We can apply the same logic to any number of such privileges. It is not difficult to think of particular white people or even large categories of white people who could or would constitute exceptions for virtually every “white privilege” you can muster.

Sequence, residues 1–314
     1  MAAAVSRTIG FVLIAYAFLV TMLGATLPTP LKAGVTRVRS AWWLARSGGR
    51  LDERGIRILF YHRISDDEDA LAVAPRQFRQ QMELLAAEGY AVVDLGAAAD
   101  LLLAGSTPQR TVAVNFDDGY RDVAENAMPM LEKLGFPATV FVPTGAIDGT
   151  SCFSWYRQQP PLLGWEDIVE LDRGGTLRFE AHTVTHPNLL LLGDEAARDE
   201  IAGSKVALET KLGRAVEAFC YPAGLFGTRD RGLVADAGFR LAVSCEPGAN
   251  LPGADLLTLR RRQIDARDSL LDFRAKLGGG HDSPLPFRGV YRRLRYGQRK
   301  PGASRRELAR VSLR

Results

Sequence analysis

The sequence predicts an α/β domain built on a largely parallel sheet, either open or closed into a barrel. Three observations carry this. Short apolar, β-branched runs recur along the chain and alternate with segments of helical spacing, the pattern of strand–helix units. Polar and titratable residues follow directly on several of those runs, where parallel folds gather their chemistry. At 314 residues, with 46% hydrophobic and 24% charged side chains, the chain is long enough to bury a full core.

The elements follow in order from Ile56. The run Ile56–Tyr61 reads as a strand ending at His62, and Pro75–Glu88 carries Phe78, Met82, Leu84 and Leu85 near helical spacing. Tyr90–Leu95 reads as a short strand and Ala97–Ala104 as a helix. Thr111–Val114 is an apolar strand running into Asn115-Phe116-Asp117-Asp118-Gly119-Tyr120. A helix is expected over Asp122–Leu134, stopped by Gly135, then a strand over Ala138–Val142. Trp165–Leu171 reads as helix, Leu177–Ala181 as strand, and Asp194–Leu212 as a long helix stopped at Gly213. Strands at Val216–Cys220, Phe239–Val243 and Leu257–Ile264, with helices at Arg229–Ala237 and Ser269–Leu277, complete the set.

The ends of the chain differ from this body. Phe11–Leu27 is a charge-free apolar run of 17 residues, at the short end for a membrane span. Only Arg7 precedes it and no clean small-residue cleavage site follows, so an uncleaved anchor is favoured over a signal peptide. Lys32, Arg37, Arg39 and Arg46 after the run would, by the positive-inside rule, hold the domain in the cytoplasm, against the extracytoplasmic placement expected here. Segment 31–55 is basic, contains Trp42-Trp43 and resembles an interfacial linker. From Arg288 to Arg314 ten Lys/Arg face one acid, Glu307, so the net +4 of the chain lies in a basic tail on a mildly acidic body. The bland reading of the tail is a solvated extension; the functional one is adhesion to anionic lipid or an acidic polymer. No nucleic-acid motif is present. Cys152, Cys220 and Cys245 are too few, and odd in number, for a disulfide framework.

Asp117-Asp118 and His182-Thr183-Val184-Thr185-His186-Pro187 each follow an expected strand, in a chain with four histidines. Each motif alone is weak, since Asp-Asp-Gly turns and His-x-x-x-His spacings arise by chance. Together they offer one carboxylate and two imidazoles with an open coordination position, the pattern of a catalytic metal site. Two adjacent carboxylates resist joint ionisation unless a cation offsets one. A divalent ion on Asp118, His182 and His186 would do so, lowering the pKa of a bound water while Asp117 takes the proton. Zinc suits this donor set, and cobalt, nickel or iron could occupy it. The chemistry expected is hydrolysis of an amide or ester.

“So what?” you protest. “That’s kind of like saying that there are some black people who’ve never been the victims of racism, so racism doesn’t exist.” Not exactly. Here’s what it’s kind of like: we’ve all observed — and I could adduce statistics or studies to back these things up, but that’s besides the point — that black people are disproportionately likely to commit crimes in the U.S., that black people are more likely to be less educated than whites or that black people are more likely to be emotionally expressive and ostentatious in their dress, speech or mannerisms. Let’s name these things “black criminality,” “black ignorance” and “black vulgarity.” And let’s start speaking about these things widely in public and accusing black people of displaying them and telling them to “check your ignorance” or “check your vulgarity” when we feel it’s appropriate to do so. What would that be called? I think it would be called RACISM, no? Note that the fact that these generalizations may be true doesn’t make them any less racist. The issue isn’t truth or falsehood. The issue is that we’ve taken something that’s statistically true, given it a pernicious label that ties it to a person’s race and then deployed that label to cast blame. (Of course, there will be those who say, “No, it’s not to cast blame. It’s to address real problems within the black community.” But we know better, don’t we?)